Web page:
• You can’t see this in the video, but the coach is exceptionally well-insulated for a van.  This makes it energy-efficient and quiet.  You can see some of the insulation in our video with Chris.
  • This coach has a ridiculous amount of cargo capacity.  OVER TWO THOUSAND FOUR HUNDRED POUNDS of cargo capacity.  That is literally the largest cargo capacity I have ever noticed in one of our reviews.  To put this in real terms, that’s one and a quarter tons.  Over three hundred gallons of water.  So yeah, you could install a hot tub.  Insane.

There’s a lot more to like about the Boldt, but you can see most of that in our video.  Watch the video, see what you like or don’t about the Boldt, and then sound off in the comments below!

(Except if you’re going to try to convince me that absorption refrigeration, single-point RV furnaces, and batteries-you-have-to-add-water-to are cool technologies… then don’t bother.  I’m right on this one.)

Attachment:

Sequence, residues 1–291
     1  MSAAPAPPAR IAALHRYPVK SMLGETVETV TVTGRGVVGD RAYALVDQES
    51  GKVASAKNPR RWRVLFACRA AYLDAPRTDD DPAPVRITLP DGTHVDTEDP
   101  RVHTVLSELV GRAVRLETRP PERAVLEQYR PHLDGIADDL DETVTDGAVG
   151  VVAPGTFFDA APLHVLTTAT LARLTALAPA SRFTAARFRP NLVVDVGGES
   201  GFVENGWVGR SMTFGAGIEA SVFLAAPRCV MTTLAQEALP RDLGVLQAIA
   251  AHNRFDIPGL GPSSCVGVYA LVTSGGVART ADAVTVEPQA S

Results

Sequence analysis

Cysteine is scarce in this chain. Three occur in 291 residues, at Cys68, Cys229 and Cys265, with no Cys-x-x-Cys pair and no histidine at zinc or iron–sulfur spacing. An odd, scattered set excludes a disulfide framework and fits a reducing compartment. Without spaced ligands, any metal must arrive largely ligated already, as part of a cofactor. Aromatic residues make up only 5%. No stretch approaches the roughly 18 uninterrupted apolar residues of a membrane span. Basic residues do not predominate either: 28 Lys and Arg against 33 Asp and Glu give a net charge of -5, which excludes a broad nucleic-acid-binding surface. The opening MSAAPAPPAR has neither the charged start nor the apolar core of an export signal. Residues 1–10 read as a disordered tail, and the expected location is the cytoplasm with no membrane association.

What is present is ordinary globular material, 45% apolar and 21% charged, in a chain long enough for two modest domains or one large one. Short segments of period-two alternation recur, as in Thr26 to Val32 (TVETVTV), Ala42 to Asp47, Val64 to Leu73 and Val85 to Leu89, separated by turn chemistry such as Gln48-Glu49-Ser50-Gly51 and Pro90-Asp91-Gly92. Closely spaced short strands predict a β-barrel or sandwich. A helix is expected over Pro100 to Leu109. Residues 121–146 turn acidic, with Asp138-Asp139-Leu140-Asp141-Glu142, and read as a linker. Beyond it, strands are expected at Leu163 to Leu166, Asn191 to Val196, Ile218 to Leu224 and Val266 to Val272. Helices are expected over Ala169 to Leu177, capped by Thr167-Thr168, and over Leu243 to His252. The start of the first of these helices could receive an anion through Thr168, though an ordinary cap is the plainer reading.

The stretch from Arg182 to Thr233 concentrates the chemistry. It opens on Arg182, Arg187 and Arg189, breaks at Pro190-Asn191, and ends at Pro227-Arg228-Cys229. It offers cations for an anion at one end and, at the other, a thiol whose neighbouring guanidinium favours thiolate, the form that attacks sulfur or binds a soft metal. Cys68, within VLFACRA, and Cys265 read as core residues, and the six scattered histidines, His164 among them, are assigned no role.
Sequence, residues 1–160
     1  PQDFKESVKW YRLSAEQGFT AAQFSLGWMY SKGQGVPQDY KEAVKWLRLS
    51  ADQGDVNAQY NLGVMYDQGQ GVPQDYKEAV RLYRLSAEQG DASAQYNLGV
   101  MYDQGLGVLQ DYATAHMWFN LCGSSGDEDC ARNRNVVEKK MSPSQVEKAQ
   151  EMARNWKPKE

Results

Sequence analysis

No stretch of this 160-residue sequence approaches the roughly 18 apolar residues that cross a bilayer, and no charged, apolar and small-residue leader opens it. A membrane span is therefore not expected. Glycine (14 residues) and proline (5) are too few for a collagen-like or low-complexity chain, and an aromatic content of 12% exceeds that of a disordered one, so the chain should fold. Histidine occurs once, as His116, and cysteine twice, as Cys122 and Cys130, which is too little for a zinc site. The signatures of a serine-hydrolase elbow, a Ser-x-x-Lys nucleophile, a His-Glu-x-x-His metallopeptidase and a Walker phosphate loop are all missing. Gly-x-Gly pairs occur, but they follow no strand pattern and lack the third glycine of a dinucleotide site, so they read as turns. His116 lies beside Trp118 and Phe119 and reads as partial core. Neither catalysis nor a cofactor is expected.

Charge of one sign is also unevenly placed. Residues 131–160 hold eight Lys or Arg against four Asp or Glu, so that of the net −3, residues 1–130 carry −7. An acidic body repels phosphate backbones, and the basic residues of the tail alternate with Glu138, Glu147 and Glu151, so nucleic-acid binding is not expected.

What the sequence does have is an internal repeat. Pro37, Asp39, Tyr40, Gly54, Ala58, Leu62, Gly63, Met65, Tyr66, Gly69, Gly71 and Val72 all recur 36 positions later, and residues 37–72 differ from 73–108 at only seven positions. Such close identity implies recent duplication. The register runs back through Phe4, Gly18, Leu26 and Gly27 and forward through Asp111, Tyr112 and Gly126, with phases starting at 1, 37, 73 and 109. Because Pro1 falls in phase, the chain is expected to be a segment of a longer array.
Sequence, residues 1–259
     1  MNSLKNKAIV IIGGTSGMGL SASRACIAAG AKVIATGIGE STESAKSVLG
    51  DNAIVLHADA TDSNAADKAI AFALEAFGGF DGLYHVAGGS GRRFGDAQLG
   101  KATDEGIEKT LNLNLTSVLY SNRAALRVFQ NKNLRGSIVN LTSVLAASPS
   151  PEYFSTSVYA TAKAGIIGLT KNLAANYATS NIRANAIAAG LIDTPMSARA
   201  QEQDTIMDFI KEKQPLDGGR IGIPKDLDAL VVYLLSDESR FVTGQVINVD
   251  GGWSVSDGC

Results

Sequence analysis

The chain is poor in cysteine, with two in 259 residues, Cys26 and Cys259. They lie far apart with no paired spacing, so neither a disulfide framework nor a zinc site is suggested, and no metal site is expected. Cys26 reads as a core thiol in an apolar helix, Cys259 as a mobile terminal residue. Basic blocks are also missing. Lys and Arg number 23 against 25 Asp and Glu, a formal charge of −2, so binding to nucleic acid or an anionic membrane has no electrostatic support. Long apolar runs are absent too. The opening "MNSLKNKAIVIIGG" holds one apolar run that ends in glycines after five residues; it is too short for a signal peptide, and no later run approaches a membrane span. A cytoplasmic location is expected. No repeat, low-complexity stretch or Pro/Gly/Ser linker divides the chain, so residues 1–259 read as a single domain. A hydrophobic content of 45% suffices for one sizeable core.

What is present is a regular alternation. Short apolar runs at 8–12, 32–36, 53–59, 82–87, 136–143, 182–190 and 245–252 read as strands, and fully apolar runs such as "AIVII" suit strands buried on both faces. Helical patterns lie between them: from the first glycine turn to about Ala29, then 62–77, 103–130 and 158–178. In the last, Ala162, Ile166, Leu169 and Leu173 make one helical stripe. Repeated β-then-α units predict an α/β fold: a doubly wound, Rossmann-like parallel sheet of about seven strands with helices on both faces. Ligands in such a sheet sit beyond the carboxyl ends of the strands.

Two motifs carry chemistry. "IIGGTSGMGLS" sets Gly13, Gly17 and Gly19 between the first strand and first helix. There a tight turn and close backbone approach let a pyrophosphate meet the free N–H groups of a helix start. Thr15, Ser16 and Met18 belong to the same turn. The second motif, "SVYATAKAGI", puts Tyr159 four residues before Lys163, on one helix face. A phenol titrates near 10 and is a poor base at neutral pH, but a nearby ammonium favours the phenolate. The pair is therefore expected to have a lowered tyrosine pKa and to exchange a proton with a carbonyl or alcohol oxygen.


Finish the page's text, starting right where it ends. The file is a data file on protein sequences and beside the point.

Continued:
James is a former rocket scientist, a USA Cycling coach, and lifelong fitness buff. When he's not driving the RV, or modifying the RV (or - that one time - doing both at once), you can find him racing bicycles, or building furniture, or making music. In his spare time, he works for a large IT company.


    34 thoughts on “Our COMPLETE Winnebago Boldt Review

    1. Jerry

      I cannot find any instructions on when the solar panel charge the battery. Does the inverter have to be on or not.
      Why couldn’t Volta have used two 2000 sine wave inverters connected together to make 4000 watts, but be able to be used separately when the a/c is not needed. 2000 watts would run the micro wave, induction stove, and lights. The 2000 only uses about 7 to 9 watts when on vs the 3600 watt inverter which uses 100 watts.
      If Winne or Volta decides to use this idea I hope they give me a free replacement for the suggestion.

      Reply
      1. James - Post author